What’s a birthday party without cake??
We wanted our neighborhood party to have a sweet ending. After the kids were finished with games and crafts, we invited them into our living room for a story. This was a great “settling down” activity before we enjoyed a treat. I read a different story each year that we had this party, but I want to share two of my favorites:
Why Christmas Trees Aren’t Perfect, by Richard Schneider, is a beautifully illustrated fable. The story ties the Christmas message in at the end, but is not preachy, so it is a gentle choice when building relationships with new neighbors, and a nice introduction to the concept of Christ’s devotion and sacrifice. For a group of younger children, you’ll want to “story tell” this book rather than read it word-for-word…the language is beautiful, but it’s a long story, and you may lose the kids’ attention unless you abridge it.
The next story is A Tree for Christmas by Dandi Daley Mackall. This is a “pattern book,” which means that a line repeats throughout the story. (the kids will learn this quickly and they’ll be able to help you “read” by repeating the line on each page.) Mackall ties the tree theme to the life of Christ; his birth, childhood, ministry, death and resurrection are all mentioned with clarity and age-appropriate detail. Younger kids will be able to follow this rhyming story easily, and older kids will enjoy the lyrical stanzas as well. The illustrations are lovely, and include silhouettes that tie past and present together. I believe this book is out of print, but some copies are available on the web.
Thank you, Mitzie, for your assistance.
After our story time, we talked about our neighborhood service project. When we handed out invitations, we requested that the children bring a new, unwrapped book or toy to the party to donate to the local children’s hospital. We asked each child to show the gift he/she chose and then place it in a large gift bag. We talked about how much the children who were spending Christmas in the hospital would appreciate the caring gesture!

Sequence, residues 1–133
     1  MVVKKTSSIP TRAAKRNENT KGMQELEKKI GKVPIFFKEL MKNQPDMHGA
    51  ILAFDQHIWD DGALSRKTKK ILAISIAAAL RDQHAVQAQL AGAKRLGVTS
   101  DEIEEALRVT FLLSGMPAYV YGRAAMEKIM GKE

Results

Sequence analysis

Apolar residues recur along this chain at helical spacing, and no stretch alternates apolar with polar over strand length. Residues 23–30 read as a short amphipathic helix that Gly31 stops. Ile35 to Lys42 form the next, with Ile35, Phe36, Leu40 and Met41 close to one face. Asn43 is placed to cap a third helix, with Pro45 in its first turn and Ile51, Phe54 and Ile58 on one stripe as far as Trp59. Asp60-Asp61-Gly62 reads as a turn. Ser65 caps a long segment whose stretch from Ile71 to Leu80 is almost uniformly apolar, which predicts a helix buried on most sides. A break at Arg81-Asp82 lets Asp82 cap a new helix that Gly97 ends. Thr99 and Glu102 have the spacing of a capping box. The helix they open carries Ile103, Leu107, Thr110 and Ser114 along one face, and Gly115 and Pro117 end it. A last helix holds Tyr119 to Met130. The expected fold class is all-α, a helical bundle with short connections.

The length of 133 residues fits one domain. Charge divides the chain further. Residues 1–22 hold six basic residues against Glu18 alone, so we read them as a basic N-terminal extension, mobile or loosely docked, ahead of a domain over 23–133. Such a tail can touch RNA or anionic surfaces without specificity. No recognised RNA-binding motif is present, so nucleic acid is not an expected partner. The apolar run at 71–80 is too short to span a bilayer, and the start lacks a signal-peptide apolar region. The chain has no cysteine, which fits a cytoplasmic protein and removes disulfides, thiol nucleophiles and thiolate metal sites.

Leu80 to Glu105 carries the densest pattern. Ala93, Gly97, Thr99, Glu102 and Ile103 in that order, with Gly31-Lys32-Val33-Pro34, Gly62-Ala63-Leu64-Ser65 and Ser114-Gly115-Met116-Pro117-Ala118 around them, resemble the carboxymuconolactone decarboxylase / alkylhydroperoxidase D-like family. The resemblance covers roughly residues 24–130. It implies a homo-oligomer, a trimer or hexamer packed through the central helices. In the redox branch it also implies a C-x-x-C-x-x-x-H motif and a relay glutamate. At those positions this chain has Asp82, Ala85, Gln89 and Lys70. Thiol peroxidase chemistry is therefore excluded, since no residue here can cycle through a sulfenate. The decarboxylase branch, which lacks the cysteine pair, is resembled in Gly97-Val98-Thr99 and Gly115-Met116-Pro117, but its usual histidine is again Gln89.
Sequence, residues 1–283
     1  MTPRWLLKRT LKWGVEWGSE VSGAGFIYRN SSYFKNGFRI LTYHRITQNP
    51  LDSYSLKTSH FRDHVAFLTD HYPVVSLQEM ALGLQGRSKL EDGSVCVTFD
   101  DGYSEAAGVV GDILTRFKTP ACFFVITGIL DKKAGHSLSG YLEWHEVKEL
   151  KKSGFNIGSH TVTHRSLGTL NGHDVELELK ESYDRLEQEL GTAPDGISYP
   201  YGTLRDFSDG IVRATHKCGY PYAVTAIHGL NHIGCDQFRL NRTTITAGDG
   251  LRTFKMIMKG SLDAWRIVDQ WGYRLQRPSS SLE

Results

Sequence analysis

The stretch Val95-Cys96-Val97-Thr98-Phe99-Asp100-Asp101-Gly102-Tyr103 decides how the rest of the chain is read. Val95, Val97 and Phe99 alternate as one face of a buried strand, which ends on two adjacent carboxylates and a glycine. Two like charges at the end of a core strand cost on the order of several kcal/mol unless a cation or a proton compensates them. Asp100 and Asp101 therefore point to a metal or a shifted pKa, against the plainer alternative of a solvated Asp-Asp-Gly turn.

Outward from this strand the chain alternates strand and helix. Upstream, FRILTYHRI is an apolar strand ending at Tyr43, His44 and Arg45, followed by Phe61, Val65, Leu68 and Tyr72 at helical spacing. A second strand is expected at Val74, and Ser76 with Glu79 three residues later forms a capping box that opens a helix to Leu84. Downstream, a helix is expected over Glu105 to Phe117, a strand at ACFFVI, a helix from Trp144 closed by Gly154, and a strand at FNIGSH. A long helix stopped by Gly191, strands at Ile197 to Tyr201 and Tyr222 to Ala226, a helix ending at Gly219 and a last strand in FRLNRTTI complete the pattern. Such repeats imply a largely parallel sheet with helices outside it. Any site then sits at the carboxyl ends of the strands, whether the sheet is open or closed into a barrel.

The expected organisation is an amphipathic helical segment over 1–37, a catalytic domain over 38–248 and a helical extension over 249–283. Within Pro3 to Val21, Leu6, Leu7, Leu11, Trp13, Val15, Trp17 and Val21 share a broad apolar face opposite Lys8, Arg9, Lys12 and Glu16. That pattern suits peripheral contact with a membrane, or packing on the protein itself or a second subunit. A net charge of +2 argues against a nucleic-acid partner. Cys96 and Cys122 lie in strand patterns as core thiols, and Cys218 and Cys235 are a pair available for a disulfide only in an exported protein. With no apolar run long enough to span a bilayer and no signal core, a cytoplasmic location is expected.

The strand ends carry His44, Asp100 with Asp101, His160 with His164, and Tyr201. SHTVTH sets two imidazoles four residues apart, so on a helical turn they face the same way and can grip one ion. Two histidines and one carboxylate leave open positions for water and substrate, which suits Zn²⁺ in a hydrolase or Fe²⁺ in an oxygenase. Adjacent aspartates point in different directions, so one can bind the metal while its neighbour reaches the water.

We also had an opportunity for children to share their gifts with each other! One year, a young boy played Christmas carols on his violin. Another time, a girl taught some simple sign language to the group. This is a great way for kids to get to know one another and appreciate each other’s strengths!
Finally…we sang a rousing chorus of “Happy Birthday, dear Jesus,” and enjoyed blowing out candles and savoring cake! (Please note: When planning a party like this, be sure to ask the parents if their children have any dietary needs/allergies/restrictions.)
It’s important to note that each time we had this party, we had a mix of “typical” kids and kids with disabilities…we planned carefully so that every child had enough support. In addition, we made certain that quiet spaces were available, as well as choices for activities…it was very important to us that no one felt left out…when Jesus was on earth, he clearly said, “Let the children come to me!” We felt certain that He would want everyone included at His birthday party.
Happy Birthday, dear Jesus!